the first leaves start turning yellow, many of us who are well past our
school days can’t help getting into a ‘back to school’ mindset. For a
kid, this time of year might mean buying some new clothes or a fresh
knapsack; sometimes it involves digging out books or notes from the
previous year, picking courses, or figuring out a route to a new school.
Often these activities are accompanied by a combination of dread and
excitement. Dread because the more carefree days of summer are quickly
fading into the past, and excitement because a new school year is a
chance to learn new things, make new friends, and get a fresh start.
is also great time for freelancers to step back and take a clear-eyed
look at how you’re doing. It lets you head into the next season tuned up
and ready to go. Traditionally September to early December is a busy
time of year, so when better than these last hazy weeks of August to
take stock of your life as a freelancer and make some changes to help
you make the most of the new season?
This checklist may look
daunting. Our goal is to surface the range of areas you should consider
re-evaluating. Not all of these will need your attention, so it’s up to
you to focus on the ones that will have the most impact.
- Review Your Finances.
Have you collected all money owing to you? Are you saving enough? Have
you put enough away for taxes? Are you capturing all your expenses to
minimize your tax bill? If not, set aside some time and get this done.
You’ll thank yourself next March when you’re completing your taxes.
- Tools Update.
Are you taking advantage of some of the new apps out there? Are you
effectively using your tools or have you developed inefficient
workarounds? Have you downloaded the latest versions? If you’re on the
go a lot, do you use mobile apps that will move things more quickly
and/or help your organize your workload? Are there email lists you
should unsubscribe from? (Unless they’re very good, at best newsletters
can be a productivity suck and at worst they can add noise and clutter
to your inbox).
- Review Your Client List.
Who have you worked for in the last 18 months? What are they paying
you? Who are your repeaters? Who haven’t you been in touch with that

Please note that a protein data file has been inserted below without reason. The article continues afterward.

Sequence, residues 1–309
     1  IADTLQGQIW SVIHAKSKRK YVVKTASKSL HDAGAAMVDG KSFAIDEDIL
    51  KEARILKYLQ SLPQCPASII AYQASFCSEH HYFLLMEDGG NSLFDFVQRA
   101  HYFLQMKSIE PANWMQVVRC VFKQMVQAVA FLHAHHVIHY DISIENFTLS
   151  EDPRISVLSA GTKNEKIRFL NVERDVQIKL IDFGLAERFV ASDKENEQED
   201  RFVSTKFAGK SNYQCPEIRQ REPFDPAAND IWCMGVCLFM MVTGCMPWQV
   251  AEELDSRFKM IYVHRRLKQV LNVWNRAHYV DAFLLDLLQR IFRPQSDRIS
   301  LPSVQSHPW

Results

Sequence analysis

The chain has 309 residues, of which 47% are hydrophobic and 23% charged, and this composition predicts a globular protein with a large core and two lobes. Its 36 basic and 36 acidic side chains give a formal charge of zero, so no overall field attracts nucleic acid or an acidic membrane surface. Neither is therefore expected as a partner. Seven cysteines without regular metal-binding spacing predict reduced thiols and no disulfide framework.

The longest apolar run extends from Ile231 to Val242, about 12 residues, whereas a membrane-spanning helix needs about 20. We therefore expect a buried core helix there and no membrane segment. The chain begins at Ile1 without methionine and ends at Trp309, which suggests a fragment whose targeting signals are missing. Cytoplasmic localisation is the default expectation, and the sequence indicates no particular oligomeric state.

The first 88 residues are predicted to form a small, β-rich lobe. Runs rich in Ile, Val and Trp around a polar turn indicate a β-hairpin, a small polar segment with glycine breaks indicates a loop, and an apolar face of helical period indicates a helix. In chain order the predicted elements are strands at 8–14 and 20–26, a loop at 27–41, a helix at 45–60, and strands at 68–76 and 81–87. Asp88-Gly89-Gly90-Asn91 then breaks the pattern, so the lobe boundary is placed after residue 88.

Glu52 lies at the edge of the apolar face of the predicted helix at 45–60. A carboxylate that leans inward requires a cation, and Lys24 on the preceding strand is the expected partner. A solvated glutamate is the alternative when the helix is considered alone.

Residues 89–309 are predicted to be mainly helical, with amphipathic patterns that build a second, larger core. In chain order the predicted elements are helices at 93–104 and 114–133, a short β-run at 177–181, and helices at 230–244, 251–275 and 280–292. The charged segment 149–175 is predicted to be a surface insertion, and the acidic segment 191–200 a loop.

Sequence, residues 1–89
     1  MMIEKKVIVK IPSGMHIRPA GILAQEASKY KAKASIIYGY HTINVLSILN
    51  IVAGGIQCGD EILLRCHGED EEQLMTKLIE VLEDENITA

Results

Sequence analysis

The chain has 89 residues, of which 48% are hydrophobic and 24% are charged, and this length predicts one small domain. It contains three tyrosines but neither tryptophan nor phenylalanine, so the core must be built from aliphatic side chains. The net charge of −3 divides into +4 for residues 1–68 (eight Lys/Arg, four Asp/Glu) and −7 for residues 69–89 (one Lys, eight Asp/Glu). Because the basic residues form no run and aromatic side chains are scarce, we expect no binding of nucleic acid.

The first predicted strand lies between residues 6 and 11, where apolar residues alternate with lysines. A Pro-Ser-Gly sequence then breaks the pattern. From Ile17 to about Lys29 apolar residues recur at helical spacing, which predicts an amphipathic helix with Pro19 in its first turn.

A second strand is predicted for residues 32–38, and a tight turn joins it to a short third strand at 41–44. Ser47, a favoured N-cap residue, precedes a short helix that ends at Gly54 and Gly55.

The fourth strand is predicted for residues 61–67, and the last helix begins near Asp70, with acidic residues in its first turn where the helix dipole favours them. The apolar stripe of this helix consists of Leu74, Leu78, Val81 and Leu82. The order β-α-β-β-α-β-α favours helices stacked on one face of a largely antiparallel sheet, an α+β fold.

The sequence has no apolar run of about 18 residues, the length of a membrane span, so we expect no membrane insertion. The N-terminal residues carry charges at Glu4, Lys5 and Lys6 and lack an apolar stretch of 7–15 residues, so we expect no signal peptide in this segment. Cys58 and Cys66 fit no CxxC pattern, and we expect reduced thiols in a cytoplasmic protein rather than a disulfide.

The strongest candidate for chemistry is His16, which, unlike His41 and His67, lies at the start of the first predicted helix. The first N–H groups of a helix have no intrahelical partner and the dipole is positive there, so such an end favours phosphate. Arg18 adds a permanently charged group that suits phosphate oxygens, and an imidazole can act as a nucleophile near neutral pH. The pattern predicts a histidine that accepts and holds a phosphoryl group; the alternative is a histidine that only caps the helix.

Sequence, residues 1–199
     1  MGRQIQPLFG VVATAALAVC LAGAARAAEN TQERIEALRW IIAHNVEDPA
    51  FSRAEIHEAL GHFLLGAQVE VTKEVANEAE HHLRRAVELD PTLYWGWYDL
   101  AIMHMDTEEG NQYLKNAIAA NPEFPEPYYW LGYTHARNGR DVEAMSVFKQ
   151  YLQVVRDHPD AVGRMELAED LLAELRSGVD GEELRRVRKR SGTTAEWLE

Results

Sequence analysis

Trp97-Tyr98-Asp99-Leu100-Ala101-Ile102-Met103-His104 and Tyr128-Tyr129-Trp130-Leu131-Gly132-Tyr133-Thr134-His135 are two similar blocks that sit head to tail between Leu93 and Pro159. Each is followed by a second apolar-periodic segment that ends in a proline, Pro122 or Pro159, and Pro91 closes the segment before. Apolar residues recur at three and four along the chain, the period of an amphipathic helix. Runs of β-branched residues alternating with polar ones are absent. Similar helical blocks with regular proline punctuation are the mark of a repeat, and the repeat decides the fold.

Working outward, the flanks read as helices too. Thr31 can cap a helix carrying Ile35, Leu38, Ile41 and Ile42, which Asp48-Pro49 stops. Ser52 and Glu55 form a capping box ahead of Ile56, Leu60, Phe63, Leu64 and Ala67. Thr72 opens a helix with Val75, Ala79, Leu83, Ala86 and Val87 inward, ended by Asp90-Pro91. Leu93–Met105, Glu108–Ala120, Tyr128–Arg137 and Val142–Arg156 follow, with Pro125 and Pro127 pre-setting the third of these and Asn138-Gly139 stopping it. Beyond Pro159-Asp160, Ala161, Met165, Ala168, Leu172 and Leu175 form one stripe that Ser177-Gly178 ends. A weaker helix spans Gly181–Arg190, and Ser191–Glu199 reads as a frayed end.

might be worth connecting with? Who are you charging rates from 3 years
ago that you need to flag for an update?
- Review Your Work.
Take a look at your last 6-12 months of work. A hard look. Are you
still doing work you can be proud of? Is any of it getting stale?
Repetitive? Uninspired? Get a trusted colleague to give you feedback. Be
your own critic and try to figure out what you need to do to get back
to producing the kind of work you want to be known for.
- Professional Development.
Are there skills you’ve been meaning to learn? Courses you’ve wanted to
enroll in but haven’t found the time? Books you’ve wanted to read? If
you find conferences beneficial, have you checked out what’s coming up
so you can plan to attend? Professional development takes time, whether
self-taught or through a third party. Identify what you what to learn so
you can plan for the time and money it takes to actually do it.
- Consider Your Marketing. Are
you happy with your use of social tools? Does your
portfolio/website/Facebook page need a refresh? Have you checked the
analytics tools to review where your traffic is coming from? Does your
brand need an update? When was the last time you met some new people?
What else can you do to draw more attention or land new clients?
- Social Supports.
Are you happy with where you work? Are there alternatives you’ve been
meaning to explore, such a co-working spaces, a local library or others –
but haven’t had the time? Do you have enough social interaction during
the workweek or is it time to join a meetup for freelancers? Are there
people you’ve been meaning to get to know, either because you like their
work or you think they can offer advice or insight about freelancing?
Find a friend in common who can introduce you to them or send them a
message. If you don’t have their email, try to contact them through
LinkedIn. Most people are generous if you don’t waste their time.
tune up is defined as “a general adjustment to insure operation at peak
efficiency” or “a process in which small changes are made to something
(such as an engine) in order to make it work better.”
of us who are happy and successful freelancers can benefit from a little
tune up every now and again. Although it takes self-discipline and
valuable time, it can help you gain better control of your life as a
freelancer and fulfill the freelance promise – to make a decent living,
do great work and get professional and personal satisfaction from your
“Freelancers’ Fall Checklist” was originally published on livingfreelance.org in September, 2015.